Saturday, October 18, 2008

The Ram Who Would Be King

Ever since we've had our sheep flock, our senior ram Nicholai has been the benevolent King of the Flock.
He briefly trounces any newcomers to let them know who's boss, and then afterwards he diligently works as a peacekeeper to break up any other fighting that happens in the ram flock. So up until now, all the rams have been pretty good buddies.

But this year, we acquired a new ram, Midas. I had been planning for the past year to buy him, because he is the father of all the best fleece sheep in my flock, and all of his offspring that I own have excellent heat and parasite resistance. I wanted to bring in more of those qualities into my flock.

Luckily for me, his owner, Bonny at Donnybrook Farm had kept enough of his daughters in her flock that she was willing to trade Midas for one of my best ram lambs from this spring. So, Midas came to live here.

He's a large, 6-year old ram with absolutely splendid fleece quality. His tog (outer wool) is extremely soft for a senior ram, and his thel (inner wool) is so fine and dense, it feels like he's coated with a springy layer of foam rubber. No wonder all his lambs get such gorgeous fleeces!

Icelandic sheep are seasonal breeders, who will only breed in the late fall and winter. During breeding season, rams produce lots of hormones that give them a distinctive, masculine smell that helps attract ewes.

As soon as we loaded Midas in the car to bring him home, I could tell by his "ram-y" smell that he was already hormonally charged for rutting season, even though it was still 2 months early. He spent his time in his quarantine pen butting the fence and the bushes in his pen.

Then, when it was time to release him from quarantine and put him in with the other rams, he decided it was time to prove that he was the new king of the flock.

We expected Midas and Nicholai to tussle a bit when they first met, but we expected Nicholai to put an end to the fight quickly so they could all be friends afterward. Unfortunately for Nicholai, Midas is a little bigger, a year older, and way more hyped up on testosterone at the time, so even though Nicholai went into the encounter with confidence, by the time the dust cleared he was limping and Midas was the new king.

Poor Nicholai is a bit dejected at being dethroned, but he's taking it like a gentleman. His limp has healed itself, and we reassure him frequently that he's still king of our hearts!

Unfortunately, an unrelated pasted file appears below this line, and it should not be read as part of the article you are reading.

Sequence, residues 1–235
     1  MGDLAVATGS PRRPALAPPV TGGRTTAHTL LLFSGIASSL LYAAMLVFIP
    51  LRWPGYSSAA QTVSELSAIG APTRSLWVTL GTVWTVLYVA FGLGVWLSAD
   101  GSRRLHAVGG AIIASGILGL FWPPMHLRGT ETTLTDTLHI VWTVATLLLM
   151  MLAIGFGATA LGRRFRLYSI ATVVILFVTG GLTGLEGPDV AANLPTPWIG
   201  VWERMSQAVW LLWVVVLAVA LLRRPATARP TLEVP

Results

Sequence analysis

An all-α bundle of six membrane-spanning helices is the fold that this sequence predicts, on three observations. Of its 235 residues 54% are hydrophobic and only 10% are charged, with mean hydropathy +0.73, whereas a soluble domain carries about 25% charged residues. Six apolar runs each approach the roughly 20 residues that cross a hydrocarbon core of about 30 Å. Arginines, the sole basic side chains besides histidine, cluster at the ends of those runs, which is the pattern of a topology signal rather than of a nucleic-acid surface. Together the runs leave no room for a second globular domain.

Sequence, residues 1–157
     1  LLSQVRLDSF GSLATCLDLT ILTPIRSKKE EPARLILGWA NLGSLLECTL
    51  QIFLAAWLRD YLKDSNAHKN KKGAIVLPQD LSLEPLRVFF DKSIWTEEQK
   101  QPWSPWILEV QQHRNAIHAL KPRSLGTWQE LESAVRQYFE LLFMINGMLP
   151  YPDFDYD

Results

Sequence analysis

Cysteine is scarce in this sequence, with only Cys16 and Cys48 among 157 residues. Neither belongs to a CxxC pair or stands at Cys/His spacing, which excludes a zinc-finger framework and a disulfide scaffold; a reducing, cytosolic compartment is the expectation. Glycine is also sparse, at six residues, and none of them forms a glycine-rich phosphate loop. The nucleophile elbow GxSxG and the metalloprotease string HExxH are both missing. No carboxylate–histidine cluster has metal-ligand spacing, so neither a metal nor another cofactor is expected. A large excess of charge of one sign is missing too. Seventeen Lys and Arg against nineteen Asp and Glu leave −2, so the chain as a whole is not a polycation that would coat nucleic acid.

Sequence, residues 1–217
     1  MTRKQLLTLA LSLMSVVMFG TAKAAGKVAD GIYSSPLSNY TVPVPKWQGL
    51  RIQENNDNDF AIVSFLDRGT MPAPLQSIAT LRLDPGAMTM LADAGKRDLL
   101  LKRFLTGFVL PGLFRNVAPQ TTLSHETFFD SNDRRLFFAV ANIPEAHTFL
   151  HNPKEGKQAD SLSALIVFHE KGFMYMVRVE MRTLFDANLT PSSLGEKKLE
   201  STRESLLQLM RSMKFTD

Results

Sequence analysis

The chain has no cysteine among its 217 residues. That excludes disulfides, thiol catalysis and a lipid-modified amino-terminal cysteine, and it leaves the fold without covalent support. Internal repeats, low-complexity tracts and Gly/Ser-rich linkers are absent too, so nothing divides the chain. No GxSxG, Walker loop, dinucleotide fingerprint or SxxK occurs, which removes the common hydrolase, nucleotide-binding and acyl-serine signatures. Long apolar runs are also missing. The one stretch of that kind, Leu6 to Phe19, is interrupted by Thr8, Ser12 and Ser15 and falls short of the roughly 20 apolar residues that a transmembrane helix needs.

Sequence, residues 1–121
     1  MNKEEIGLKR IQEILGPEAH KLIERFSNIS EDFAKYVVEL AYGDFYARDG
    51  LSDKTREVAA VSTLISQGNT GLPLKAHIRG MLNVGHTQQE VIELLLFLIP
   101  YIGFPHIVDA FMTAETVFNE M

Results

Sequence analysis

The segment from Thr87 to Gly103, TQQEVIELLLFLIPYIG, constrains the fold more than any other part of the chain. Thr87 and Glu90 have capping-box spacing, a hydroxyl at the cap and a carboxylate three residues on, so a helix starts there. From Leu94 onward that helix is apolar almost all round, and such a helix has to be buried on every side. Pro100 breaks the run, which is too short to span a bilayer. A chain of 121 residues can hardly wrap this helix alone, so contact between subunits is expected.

Here's a short video clip of part of the battle. Hear that CRACK! as their heads come together?

That force of impact is why---no matter how gentle you think your rams are---you must always be careful when walking among them, especially during breeding season when they're full of hormones and not thinking rationally.

A 200-lb. animal striking a human with that kind of force could easily put you in the hospital or even kill you. So be cautious!


Anonymous said...

Poor Nicholas. It must be hard to be bested. Maybe he needs a new campaign manager, someone to get out the grassroots vote ... or work on voter supression if he wants to take the low road. If election signs start sprouting up in the meadows, you know you have a fight on your hands. :P

Nancy Chase said...

:-) Funny!!

What the rams don't realize is that no matter who is king of the flock, I am still QUEEN of the flock. No matter how bossy any of them are in the ram pen, I'm the one behind the scenes who decides how many girlfriends each one of them gets.

In terms of "voting" by who gets the most girlfriends, it's the mild-mannered ram Tut who is king of the flock this fall. He has the most ewes that will be assigned to him.

But if the other boys knew that, they'd probably beat Tut up!

Jus Shar Designs said...

Midas is a handsome young fella, but that Nicholai is gorgeous. His face...his coat. I wish I knew how to spin because a cardigan with Nicholai wool would be heavenly!

Beth Newbern-Hallam